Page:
CHICAGO (Reuters) - The U.S. government’s $2.65 billion operating loan program to help farmers keep their businesses going has already run out of cash, as requests for federal financial assistance grow amid the worst agricultural downturn in more than a decade, U.S. officials told Reuters on Monday.
As a result, the U.S. Department of Agriculture (USDA) is looking for other money sources “to help bridge the gap in farm operating loans as much as possible until additional funds are made available, either this year or in the next fiscal year,” the agency said.
The agency declined to say what other funding it was hoping to leverage for assistance.
Such FSA loan guarantees and direct loans are often considered to be loans of last resort, say banking experts. Without the financial support, some farmers may struggle to survive until the next cash injection in the fall, say rural economy experts.
Last month, the USDA’s Farm Service Agency (FSA) told Reuters it had expected funding for these loans or guarantees to be depleted before the program restarts Oct. 1.
As the rural sector struggles with low commodity prices and mounting trade competition, U.S. grain farmers are increasingly relying on the FSA for loan assistance. Agricultural lenders, too, are turning to the agency to help guarantee the loans they are issuing to farmers - whether for operational or real estate needs.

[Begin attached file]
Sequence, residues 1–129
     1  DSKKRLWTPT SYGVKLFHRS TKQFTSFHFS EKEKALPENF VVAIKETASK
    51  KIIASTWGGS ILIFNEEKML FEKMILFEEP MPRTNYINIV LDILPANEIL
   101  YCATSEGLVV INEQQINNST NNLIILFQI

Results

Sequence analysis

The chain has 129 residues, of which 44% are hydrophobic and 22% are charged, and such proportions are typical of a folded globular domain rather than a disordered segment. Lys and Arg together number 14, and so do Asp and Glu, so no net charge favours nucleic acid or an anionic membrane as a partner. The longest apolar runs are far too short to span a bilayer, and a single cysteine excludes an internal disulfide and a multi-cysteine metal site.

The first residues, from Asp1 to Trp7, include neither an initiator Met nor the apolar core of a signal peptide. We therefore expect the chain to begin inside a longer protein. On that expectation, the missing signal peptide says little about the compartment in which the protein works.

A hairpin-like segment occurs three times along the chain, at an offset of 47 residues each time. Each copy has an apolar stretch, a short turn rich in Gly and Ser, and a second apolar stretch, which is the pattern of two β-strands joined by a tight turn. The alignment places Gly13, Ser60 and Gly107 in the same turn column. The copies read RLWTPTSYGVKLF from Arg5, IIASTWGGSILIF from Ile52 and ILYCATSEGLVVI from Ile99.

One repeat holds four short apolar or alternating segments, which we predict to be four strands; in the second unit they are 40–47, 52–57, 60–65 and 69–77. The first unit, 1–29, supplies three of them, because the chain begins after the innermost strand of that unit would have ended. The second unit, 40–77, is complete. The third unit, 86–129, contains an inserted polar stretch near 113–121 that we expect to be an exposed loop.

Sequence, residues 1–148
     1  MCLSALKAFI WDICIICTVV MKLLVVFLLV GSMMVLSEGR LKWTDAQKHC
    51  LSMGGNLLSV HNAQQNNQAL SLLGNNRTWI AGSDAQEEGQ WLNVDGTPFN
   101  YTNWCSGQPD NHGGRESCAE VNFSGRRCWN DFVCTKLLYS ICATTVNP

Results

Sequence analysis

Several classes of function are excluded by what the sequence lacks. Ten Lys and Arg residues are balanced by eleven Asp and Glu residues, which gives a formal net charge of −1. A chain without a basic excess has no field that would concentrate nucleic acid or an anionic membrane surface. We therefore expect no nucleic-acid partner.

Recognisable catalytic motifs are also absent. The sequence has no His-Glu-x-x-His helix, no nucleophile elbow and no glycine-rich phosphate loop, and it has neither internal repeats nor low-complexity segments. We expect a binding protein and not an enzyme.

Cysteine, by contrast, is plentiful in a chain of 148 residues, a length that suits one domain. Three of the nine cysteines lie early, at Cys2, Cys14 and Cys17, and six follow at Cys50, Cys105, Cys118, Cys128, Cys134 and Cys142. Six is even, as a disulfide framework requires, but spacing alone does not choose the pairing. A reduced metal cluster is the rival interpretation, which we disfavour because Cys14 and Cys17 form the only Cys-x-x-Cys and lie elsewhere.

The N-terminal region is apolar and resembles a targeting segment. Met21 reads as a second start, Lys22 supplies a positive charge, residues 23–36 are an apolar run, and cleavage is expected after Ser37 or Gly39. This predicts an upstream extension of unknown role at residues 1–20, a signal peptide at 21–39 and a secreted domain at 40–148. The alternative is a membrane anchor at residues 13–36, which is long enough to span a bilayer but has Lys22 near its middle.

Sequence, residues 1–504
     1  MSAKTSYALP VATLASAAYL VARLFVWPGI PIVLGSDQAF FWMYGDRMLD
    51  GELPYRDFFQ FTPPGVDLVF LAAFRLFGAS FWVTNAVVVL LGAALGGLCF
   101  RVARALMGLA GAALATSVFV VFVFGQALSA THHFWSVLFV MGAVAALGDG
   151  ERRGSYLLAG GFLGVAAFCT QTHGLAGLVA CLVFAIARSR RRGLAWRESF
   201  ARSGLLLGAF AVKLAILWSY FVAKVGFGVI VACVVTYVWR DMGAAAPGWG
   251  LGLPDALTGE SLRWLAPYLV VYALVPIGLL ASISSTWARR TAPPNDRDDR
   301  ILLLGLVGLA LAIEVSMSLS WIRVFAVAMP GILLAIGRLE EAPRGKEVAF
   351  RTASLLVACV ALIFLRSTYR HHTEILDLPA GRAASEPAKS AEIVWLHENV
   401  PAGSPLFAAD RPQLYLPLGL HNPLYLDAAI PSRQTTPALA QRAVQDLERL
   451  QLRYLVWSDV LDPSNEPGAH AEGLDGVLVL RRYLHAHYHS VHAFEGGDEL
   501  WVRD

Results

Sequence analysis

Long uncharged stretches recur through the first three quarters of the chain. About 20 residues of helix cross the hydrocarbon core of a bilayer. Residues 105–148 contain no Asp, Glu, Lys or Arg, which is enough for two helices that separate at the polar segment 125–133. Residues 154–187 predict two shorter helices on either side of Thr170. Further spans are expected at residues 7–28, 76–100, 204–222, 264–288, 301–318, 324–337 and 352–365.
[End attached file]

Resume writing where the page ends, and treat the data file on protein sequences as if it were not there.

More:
Even with the operational loan program funding depleted, the applications from farmers and the bankers who back them continue to grow.
“At this time, there are already tens of millions (of dollars) in backlog in Direct and Guaranteed operating loan accounts, and that number is expected to increase through the end of the fiscal year,” the FSA said in an email.
Last month, the FSA said it let Congress know it was tapping into $500 million in emergency funding to bolster a related program: its $2 billion guaranteed farm ownership loan program.
Such emergency funding options do not exist for the agency’s operating loan programs, the agency added.
Altogether, the FSA’s Farm Loan Programs are currently servicing or guaranteeing to cover operating costs and purchase or refinance farm property for more than 113,000 borrowers, totaling nearly $23 billion.
In the past, such lending typically focused on smaller or new farmers with fewer resources. But as economic erosion continues to squeeze Midwest farmers and pressure farmland values, a growing number of agricultural lenders are turning to the federal government, FSA staff said.
Reporting By P.J. Huffstutter
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